THE IMPORTANCE OF SHARING OUR REAL UNSCHOOLING LIVESby Deb Lewis
I don't know how I could help anyone thinking about unschooling if they couldn't see into my life and as much as it's possible from an e-mail list, see that the words I type are lived out here first, with a genuine kid.
I'm in Deer Lodge, Montana. Anyone can come and visit.
We played at the river yesterday. We threw rocks at floating ice chunks until we couldn't feel our fingers any more. We had a snowball fight. We went sledding. We watched "Attack of the Crab Monsters" and read about dinosaurs. We played Master Labyrinth and chess. We stood on our heads. We made peanut butter and bird seed surprise for the Flickers.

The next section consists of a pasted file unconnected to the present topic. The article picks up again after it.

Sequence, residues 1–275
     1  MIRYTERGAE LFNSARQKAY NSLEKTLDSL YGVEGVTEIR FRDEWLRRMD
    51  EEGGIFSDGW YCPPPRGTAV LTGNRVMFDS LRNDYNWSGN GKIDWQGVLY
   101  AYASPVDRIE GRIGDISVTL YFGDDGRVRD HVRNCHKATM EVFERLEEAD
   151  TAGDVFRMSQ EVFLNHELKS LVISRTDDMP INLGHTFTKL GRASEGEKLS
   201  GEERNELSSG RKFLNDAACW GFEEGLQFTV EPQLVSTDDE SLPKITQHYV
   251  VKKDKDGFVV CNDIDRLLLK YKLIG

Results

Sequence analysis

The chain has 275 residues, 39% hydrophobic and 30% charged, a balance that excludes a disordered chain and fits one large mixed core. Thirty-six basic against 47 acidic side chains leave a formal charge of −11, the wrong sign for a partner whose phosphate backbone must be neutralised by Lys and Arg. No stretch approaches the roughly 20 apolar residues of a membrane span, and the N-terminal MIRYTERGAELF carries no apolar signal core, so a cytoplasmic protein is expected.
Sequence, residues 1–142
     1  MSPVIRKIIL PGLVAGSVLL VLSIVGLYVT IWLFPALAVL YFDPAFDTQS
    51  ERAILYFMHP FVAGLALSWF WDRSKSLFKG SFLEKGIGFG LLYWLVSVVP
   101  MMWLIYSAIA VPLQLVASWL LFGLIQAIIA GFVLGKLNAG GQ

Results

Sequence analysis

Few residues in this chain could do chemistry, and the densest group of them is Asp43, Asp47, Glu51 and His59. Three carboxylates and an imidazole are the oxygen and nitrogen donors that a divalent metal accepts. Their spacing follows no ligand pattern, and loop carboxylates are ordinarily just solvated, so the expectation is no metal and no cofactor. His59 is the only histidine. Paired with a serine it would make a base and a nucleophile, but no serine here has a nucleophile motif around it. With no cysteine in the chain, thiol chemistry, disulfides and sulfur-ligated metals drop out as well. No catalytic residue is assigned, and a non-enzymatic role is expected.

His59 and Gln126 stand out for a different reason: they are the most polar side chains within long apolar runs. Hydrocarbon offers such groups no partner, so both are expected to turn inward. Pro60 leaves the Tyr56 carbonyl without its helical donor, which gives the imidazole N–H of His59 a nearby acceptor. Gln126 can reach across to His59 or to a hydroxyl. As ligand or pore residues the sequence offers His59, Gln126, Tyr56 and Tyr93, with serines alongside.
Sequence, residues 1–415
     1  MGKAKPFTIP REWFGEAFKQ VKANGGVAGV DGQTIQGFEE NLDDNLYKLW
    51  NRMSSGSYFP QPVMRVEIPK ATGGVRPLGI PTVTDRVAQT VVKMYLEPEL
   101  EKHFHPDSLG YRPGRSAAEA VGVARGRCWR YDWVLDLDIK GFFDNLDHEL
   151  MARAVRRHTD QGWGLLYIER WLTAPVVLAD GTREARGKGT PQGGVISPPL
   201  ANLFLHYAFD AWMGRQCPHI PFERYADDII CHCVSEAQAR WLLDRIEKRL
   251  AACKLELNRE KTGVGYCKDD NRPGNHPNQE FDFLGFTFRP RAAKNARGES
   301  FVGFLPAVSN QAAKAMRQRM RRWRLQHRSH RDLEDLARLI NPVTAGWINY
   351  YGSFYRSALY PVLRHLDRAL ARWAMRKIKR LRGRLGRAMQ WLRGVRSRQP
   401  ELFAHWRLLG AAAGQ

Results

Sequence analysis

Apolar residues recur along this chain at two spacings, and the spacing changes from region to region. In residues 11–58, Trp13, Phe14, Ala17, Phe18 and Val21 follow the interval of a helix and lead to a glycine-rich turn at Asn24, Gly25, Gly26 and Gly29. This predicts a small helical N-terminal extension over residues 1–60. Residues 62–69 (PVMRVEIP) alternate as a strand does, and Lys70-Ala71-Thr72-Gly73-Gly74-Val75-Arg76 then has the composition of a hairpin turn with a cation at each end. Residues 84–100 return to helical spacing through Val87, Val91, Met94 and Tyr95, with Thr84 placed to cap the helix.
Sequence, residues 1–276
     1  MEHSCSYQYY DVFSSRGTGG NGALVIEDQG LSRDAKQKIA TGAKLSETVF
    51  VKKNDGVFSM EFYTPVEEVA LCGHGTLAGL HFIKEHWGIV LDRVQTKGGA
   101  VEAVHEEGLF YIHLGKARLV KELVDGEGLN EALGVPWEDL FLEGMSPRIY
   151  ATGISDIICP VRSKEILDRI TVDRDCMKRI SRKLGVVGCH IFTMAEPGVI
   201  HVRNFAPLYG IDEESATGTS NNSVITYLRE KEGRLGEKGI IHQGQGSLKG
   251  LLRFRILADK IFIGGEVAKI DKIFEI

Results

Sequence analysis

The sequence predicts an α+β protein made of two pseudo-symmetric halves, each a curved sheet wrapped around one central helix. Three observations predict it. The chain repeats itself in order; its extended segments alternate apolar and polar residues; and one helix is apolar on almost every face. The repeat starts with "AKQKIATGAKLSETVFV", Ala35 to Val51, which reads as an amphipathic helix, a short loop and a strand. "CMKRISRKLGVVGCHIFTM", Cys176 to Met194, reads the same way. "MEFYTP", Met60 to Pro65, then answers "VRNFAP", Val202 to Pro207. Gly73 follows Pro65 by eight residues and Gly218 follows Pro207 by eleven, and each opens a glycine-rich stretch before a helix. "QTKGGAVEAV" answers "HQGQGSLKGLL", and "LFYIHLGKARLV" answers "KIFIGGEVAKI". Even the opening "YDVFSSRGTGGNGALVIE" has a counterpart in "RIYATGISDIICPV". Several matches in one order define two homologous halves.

Today we're going to Grandma's house. She's making fresh tortillas and we'll visit with Dylan's uncle because he's flying back to Anchorage on Monday. We'll probably watch a movie there, too. I'll make a pan of fudge to take along.
My real and happy kid says a lot more about unschooling than I could ever
convey by analyzing human nature. If I'm afraid to talk about my real
unschooling life, how will I single-handedly change the world for the